Which argues that their is a difference between the flow of heat from a hotter to a colder body and the energy flow between two bodies at the same temperature as I read it.<quoted text>
I agree that a person standing 1 AU from the sun would be heated by its rays. And I agree that a person standing 1 AU from two stars of the same temperature would be heated more quickly.
However a person at the same temperature as the both stars would be heated not at all.
I disagree. If, instead of two suns, we put a mirror behind me, both the front and rear side will get roasted, again. The flow of energy DOES depend on area and direction while the non-flow of energy between bodies at the same temperature is a different problem.<quoted text>
The issue here is the earth's 'back-radiation''reflecting' from the CO2 layer and hitting the earth again. This cannot cause warming.
Getting hit by both the direct and reflected heat means more warming.
Yes. A body in a perfect insulator will gain and lose no heat.<quoted text>
If CO2 were a perfect thermal reflector and allowed no thermal radiation to escape, then the earth would not be able to radiatively cool in the thermal spectrum. To put this in thermodynamic terms, the earth would emit a photon, using up its heat energy, resulting in a drop in its temperature. The photon would then return to the surface of the earth -- which is now colder than when it emitted the photon -- and thus upon absorption re-heat the earth to its original temperature.
False. A GHG molecule will absorb an UPWARD flowing IR photon from the surface (the SOURCE of the heating) and reradiate it in ALL directions,'reflecting' about half back towards the source.<quoted text>
BUT CO2 is not a perfect thermal reflector. It isn't a reflector of any kind.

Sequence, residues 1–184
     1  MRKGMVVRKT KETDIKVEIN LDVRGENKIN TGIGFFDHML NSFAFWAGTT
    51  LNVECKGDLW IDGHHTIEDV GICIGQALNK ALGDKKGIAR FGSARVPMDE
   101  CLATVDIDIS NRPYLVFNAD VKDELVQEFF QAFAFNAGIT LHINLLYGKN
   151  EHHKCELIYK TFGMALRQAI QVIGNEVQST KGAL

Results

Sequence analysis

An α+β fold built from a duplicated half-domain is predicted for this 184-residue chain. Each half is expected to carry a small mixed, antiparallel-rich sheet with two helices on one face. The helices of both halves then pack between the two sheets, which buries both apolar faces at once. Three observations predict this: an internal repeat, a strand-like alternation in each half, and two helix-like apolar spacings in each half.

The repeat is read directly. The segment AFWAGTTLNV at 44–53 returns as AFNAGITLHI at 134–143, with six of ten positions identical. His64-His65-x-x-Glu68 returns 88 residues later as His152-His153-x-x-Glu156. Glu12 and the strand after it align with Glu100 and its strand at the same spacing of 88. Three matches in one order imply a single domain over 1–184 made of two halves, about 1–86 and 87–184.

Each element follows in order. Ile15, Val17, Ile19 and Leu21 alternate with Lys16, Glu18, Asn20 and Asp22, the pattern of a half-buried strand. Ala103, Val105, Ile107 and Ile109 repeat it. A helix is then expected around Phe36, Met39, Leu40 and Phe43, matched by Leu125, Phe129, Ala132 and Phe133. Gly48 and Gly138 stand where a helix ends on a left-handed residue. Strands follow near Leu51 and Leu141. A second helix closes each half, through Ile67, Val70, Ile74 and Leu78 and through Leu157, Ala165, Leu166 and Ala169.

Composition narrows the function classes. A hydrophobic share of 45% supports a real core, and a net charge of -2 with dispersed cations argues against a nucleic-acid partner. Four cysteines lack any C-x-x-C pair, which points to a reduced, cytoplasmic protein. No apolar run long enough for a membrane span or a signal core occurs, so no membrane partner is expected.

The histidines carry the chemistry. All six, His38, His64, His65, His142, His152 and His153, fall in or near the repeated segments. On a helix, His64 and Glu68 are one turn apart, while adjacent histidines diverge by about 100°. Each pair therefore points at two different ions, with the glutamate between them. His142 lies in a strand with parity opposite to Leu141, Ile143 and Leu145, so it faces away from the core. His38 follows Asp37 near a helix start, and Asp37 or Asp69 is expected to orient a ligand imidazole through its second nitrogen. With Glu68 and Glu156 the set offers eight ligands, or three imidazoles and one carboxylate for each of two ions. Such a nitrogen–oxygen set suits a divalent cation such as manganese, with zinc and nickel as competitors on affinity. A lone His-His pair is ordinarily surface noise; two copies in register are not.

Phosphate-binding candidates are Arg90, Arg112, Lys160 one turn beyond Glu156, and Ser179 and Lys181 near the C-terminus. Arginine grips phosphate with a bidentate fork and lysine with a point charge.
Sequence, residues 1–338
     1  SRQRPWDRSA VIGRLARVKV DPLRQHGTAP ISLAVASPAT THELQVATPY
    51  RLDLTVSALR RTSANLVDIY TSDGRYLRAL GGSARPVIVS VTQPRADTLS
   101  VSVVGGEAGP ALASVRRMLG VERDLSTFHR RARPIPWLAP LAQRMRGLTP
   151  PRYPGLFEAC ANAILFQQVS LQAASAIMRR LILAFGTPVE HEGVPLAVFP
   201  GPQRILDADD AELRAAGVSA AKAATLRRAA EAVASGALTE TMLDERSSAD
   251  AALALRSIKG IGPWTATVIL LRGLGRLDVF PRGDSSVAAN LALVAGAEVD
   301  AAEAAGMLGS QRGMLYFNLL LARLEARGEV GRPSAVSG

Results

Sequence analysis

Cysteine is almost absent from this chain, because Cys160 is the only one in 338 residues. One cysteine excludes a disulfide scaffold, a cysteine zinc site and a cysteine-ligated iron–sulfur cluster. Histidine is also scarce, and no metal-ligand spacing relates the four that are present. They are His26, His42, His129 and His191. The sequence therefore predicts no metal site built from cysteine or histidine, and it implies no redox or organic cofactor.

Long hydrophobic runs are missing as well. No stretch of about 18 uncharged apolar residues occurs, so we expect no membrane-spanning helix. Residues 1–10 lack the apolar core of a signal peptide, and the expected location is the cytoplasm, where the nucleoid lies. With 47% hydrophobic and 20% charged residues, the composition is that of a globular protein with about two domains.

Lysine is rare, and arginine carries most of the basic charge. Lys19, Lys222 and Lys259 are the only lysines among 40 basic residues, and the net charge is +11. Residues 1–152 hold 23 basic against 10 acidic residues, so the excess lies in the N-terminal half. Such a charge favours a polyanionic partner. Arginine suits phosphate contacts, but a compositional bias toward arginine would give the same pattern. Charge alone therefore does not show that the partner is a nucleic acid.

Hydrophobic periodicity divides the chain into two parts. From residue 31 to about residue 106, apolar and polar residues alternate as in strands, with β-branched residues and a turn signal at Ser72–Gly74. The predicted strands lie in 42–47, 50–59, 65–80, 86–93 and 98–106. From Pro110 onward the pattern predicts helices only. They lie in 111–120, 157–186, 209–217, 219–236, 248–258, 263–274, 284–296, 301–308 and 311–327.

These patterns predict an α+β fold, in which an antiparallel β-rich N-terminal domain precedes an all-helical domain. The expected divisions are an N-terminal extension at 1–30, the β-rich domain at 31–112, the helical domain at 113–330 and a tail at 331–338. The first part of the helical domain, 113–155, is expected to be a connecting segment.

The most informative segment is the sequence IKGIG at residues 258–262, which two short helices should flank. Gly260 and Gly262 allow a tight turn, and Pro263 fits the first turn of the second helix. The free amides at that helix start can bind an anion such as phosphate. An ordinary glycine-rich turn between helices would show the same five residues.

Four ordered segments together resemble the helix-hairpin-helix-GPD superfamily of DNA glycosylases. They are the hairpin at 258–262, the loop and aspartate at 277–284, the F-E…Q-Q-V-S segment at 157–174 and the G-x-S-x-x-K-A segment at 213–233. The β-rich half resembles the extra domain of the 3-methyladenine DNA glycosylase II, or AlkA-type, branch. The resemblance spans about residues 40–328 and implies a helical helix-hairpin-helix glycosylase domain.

No. 50% continues on an upward track while 50% is reflected. Note that this is somewhat irrelevant to the troposphere where most energy is moved by convection. The real issue comes at the troposphere to stratosphere boundary where convection gives way to radiation and only radiation can LEAVE the planet.<quoted text>
The warming mechanism requires that CO2 absorb radiation in its absorption bands and re-emit it isotropically. This means for all outgoing radiation in these bands, a minimum of 50% escapes to space.
Note too that you are treating the problem as one of a STATIC temperature while the real model is one where the surface is continually warming from insolation and the heat flux received must be radiated away past the insulation effect of CO2 in the stratosphere (at the 'radiative surface' where the chance of a photon making it to space without a second to Nth capture is 50%)
There is an inherent difference between the static models you set up and the real world of a heat FLOW.
But it sets up a GRADIENT of temperature to drive the flow outward against the 'resistance' of GHG capture. The surface MUST be hotter than the temperature of an airless body in order that the amount ESCAPING is equal to the incoming insolation.<quoted text>
Any 'trapped' thermal radiation between the CO2 layer and the ground will lose 50% to space for every 'bounce'(that is, every absorption and re-emission from the CO2 layer and subsequent absorption and re-emission from the ground). Again: This only increases the path length the radiation must travel in order to escape to space, it does not change the amount of radiation escaping.